Having a loved one or spouse with dementia comes with many challenges, hard conversations and decisions. Including a very common but extremely difficult one, is it time to take away the car keys?
People in the early stages of dementia or Alzheimer’s may be able to drive safely for a time. But as the disease progresses driving will become increasingly unsafe and they risk harming themselves and others.
Even with this common knowledge, what makes this topic so hard to discuss and accept when the time comes time to stop driving?
Driving Means Freedom
For many people driving means freedom and giving it up can be very difficult. Asking a loved one to hand over the car keys is emotional and the request can be perceived as asking them to recognize they are in a state of mental decline and no longer able to live life on their terms.
Even if they have already realized driving is becoming more difficult, or even dangerous, having others recognize the signs and confront them can bring fear, anger or many other emotions.
Driving is also associated with freedom – not just for the person living with dementia, but also for their caregivers. In fact, some caregivers may let their loved ones drive on their own longer than they should because they aren’t ready to give up their freedom either. Providing everyday care and transportation for someone who needs to buy groceries, run errands, get to medical appointments, church or visit friends is a big task.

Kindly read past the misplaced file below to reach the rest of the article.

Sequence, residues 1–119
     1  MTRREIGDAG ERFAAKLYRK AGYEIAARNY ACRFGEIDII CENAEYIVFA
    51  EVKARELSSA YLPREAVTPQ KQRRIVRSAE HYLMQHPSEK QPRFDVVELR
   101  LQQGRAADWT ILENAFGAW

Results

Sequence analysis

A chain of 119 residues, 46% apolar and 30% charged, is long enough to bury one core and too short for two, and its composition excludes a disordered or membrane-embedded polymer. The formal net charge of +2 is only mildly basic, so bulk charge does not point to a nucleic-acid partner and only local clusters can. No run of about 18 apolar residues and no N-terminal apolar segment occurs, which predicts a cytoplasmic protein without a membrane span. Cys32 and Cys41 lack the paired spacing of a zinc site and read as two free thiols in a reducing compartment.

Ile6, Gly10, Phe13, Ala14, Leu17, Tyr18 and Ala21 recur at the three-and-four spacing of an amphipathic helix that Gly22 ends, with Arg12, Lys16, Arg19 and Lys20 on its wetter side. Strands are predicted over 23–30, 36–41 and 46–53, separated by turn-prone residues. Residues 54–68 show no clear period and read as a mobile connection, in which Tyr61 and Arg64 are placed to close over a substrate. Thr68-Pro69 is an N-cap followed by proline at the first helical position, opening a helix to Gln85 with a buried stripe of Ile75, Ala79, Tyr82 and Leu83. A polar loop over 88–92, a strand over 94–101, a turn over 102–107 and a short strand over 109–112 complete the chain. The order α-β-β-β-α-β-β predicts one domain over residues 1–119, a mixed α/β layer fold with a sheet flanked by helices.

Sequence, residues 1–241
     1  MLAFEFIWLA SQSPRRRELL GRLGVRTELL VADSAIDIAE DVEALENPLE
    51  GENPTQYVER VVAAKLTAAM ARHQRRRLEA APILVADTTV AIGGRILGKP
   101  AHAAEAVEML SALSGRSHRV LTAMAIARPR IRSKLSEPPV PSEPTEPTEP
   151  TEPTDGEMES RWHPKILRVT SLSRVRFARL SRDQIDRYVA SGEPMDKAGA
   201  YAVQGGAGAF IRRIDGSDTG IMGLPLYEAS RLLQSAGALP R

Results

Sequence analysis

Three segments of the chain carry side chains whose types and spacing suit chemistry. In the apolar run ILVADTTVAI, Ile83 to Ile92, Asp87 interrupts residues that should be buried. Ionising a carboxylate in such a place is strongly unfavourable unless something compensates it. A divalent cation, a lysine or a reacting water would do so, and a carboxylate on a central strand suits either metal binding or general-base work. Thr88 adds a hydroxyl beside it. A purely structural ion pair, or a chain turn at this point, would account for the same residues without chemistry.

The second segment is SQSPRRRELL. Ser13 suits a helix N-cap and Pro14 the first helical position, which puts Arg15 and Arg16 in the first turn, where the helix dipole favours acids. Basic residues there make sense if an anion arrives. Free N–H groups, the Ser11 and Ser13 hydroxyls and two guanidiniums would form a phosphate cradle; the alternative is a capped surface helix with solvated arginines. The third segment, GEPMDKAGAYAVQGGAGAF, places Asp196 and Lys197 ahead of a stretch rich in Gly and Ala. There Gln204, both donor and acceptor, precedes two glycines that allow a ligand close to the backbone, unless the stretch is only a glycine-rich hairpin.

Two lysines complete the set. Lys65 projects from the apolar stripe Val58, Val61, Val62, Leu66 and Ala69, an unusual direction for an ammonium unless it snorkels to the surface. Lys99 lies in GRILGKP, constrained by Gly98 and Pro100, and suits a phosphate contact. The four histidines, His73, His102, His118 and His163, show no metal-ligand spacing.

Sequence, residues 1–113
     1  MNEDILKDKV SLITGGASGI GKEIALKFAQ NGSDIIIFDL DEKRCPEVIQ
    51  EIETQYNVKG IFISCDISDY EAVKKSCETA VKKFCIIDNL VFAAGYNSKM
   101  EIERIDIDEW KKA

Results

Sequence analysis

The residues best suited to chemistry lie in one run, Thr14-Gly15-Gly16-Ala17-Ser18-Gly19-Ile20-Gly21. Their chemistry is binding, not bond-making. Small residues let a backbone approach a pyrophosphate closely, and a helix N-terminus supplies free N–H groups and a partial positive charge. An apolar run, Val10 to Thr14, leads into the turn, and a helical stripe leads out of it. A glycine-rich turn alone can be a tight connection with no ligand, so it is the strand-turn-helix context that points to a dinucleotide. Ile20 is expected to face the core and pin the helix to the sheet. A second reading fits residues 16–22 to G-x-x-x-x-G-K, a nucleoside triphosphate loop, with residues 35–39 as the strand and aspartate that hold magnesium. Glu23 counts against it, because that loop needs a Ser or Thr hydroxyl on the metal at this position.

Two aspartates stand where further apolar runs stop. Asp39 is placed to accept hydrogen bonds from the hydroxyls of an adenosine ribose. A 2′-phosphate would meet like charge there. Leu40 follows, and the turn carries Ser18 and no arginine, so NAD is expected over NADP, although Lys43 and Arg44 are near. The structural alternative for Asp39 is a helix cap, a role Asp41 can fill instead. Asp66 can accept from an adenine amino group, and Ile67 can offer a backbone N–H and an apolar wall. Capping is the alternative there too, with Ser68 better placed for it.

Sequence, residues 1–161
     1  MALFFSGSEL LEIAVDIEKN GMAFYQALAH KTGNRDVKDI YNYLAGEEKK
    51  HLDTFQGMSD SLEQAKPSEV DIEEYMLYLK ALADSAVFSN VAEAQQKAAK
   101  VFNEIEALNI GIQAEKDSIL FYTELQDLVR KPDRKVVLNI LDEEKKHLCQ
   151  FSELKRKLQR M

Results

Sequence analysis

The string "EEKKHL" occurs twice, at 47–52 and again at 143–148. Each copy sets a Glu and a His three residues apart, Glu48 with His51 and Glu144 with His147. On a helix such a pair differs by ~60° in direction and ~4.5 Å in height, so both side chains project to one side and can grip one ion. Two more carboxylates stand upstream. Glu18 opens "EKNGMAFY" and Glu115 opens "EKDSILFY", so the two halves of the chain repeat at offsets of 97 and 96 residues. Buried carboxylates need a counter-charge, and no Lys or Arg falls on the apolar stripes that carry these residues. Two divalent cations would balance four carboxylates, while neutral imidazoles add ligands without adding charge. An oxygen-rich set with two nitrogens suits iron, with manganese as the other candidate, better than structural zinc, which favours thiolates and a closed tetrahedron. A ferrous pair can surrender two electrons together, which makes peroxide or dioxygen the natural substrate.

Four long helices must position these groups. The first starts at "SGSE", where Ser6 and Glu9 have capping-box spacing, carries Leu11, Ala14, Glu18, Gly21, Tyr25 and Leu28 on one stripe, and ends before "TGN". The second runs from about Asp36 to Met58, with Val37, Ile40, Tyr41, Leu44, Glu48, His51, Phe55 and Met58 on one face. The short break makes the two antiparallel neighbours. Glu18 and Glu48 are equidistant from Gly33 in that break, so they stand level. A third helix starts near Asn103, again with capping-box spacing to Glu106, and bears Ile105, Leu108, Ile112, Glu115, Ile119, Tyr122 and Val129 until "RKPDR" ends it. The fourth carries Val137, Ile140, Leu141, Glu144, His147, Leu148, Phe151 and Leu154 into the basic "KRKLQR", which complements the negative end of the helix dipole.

Don’t Risk Driving Safety For Freedom
It is hard to determine when someone should stop driving but there are assessments and early warning signs to help evaluate the situation. See this guide from The Hartford outlining what to look for, how to have positive conversations and helpful tips to ease someone used to driving into being an active passenger.
Don’t risk the safety of your loved one, or others, for fear of hurting someone’s feelings or losing a sense of freedom. Their lives, and the lives of others, are too important.
Get more tips on living with Alzheimer’s and dementia from The Memory Centers. Our premier residential communities in Richmond and Virginia Beach care for those living in cognitive decline with a customized, interactive approach to promote living well with Alzheimer’s and dementia.